Foreword: To be Clad
Although few doubt that the fate of the environment has become a major issue, there is no consensus on the nature, seriousness, or timing of the risks involved. Most of us believe that other people, experts hopefully, will solve the problems and we can go on living our lives. Indeed, hundreds of thousands of scientists and researchers are studying the earth and its systems to determine what effects industrial civilization is having and what the limits of human activity are with respect to the capacity of the environment. These studies include the effect of acid rain on forests, lakes and crops, the build-up of heavy metals in soils and animals, the increase of greenhouse gases and their effect on climate and incoming radiation, the loss of biodiversity including the world’s fisheries, and human and animal tolerance to the thousands of synthetic chemical compounds that are used every day in manufacturing, products and food. As critically important as these studies are, the work of transformation will need to commence everywhere by people engaged in what they do and know best. It will depend on shared knowledge, networks, and guidebooks that call upon the innate instinct of human beings to protect and nurture life. This is the book you hold.
Lynda Grose and Kate Fletcher pose a critical question: Are there principles and metrics we can agree upon that are key to a world that is not only sustained, but also actually restored? Second, with these shared principles, can we create a framework for change that guides business activities in the fashion industry, a framework that is practical, scientific, and economic?
There is no product category that elicits more press and scrutiny, or has more magazines devoted to it than fashion. Our voluntary attire has intrigued us since the day we became bipeds, as we are the only animal that changes its skin every day. We clad ourselves to be warm, cool, beautiful, functional, professional, or alluring. Many a woman and no small number of men sweat every day about what they will wear and how they appear, and for good reason. We consciously and unconsciously give great weight to others’ appearance. Clothing, shoes, handbags and hats are telltale as to taste, income, class, upbringing, and attitude. Three-sizes-too-big ‘gangsta’ shorts and opening night designer gowns are both chosen carefully to signal one’s tribe. Hyperawareness of style, cut, fabric, color, and design is intense and universal, but it has not included the world behind the rack, the technology behind the cut, the fiber behind the fabric, the land behind the fiber, or the person on the land. In short, the true impact of our clothing choices is barely examined or noticed.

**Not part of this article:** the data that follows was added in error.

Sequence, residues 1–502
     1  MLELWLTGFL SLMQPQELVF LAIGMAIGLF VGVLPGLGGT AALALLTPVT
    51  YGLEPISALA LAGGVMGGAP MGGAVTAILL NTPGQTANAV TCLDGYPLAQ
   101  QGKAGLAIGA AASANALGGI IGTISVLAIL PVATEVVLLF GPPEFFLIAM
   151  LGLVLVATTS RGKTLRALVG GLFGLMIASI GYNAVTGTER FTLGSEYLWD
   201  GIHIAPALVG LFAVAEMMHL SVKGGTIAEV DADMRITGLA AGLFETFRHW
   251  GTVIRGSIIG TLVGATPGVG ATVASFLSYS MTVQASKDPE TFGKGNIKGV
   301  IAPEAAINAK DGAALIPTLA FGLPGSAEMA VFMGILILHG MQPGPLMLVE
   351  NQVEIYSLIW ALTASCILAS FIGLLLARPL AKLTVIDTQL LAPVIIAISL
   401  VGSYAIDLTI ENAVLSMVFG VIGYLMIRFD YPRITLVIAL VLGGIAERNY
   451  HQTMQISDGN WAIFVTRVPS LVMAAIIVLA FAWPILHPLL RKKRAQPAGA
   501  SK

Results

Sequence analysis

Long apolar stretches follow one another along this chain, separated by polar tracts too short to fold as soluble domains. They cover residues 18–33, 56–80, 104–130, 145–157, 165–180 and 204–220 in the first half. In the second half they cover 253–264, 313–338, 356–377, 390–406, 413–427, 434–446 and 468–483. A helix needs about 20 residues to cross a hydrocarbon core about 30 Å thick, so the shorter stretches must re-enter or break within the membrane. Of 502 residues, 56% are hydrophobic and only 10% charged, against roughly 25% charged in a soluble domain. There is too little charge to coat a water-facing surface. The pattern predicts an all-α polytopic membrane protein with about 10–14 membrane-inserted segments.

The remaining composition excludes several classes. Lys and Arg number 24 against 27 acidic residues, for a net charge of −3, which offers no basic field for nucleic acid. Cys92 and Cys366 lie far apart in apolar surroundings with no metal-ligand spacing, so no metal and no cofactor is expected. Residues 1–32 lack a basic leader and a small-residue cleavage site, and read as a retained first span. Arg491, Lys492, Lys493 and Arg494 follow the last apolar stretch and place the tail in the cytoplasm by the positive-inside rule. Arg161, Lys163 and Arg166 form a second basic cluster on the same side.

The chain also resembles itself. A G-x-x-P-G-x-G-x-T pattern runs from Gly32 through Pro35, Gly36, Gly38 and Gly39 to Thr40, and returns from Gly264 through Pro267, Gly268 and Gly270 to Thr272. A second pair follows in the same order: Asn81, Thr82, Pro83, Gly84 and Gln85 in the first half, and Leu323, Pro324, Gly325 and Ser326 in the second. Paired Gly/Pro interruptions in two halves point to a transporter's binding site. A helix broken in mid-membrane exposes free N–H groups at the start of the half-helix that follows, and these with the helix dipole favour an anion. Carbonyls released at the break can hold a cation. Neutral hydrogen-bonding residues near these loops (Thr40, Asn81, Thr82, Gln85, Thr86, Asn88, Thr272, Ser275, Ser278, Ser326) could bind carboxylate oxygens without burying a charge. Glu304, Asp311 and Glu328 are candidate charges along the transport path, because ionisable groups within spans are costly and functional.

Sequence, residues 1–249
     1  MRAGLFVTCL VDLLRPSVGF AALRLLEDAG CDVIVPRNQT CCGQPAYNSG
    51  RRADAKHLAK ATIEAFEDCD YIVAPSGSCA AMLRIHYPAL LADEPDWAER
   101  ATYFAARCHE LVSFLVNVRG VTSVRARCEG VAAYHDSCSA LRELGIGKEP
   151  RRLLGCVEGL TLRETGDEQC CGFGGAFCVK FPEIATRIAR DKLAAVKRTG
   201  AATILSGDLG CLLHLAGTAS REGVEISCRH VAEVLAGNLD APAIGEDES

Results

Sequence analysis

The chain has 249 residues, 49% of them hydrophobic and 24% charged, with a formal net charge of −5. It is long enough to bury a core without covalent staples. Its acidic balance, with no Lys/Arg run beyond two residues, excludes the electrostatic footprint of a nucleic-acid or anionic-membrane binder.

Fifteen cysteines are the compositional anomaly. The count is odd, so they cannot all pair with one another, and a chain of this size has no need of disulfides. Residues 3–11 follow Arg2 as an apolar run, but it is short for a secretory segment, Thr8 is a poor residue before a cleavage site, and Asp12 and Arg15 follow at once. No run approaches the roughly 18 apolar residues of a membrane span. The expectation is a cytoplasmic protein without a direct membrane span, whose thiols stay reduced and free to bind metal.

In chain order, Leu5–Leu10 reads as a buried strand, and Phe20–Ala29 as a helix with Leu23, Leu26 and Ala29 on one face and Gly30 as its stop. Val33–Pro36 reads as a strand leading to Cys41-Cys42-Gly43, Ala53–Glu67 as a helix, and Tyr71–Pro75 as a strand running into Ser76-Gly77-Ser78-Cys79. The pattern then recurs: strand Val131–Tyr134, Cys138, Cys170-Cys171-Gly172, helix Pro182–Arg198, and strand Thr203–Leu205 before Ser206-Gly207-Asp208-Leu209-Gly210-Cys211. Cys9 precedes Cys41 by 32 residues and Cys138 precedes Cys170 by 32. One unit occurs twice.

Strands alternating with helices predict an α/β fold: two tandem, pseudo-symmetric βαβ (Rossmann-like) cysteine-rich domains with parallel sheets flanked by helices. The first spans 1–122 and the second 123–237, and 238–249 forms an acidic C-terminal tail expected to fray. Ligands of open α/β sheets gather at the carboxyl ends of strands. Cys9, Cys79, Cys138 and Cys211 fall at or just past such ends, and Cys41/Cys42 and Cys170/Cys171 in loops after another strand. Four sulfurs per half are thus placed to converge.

In their book, Lynda and Kate have taken a complex industrial sector and reimagined it as an ecological system, and have done so employing two lifetimes of applied knowledge and experience. To do so, they have stepped back from the exigencies of delivering the fall line and have delivered a masterpiece of systems redesign. In all economic sectors, the initial conversations around sustainability brought forth a sense of constraint, a foreclosure of material freedom that was to be replaced by adherence to rigid standards. The idea that sustainability augurs a lesser world is true in the sense that it calls for less waste, pollution, harm, devastation, depleted soils, poisoned workers, dying bodies of water, etc. But it does not portend a monochromatic world of brown smocks and rice. Sustainability is the forerunner of greater diversity and choice, not less. It offers meaningful work, greater multiplicity of livelihoods, the reinstitution of local production, a safer world, and lives worth living. Truly, the worlds of biomimicry and ecological design presage transformation and innovation on an order we have not seen since the Industrial Revolution, and it is the responsibility of those who understand the metes and bounds of natural systems, both scientifically and economically, to lead the way and elucidate these possibilities. This is what Lynda and Kate have done so elegantly.
This is not a tome or diktat. It is a carefully researched description of a system of production being created by designers, textile companies, manufacturers, and farmers. Call it ethical, sustainable, green, or whatever-you-wish fashion, it is in the end a call to come home, a description of how we can come together in a movement to consecrate the habitats and resources we share and depend on. There are three things we touch upon every day that greatly impact the world around us: fuel (energy), food, and fashion. The first two are now wholeheartedly studied and worked upon. It is now fashion’s turn to inform and dazzle us with what is possible, to provide the moral imperative to change every aspect of producing and purchasing our second skin. I ardently believe that humanity knows what to do once it knows the task at hand. One couldn’t ask for a better description of what is happening and what needs to be done in order for fashion to support life on earth.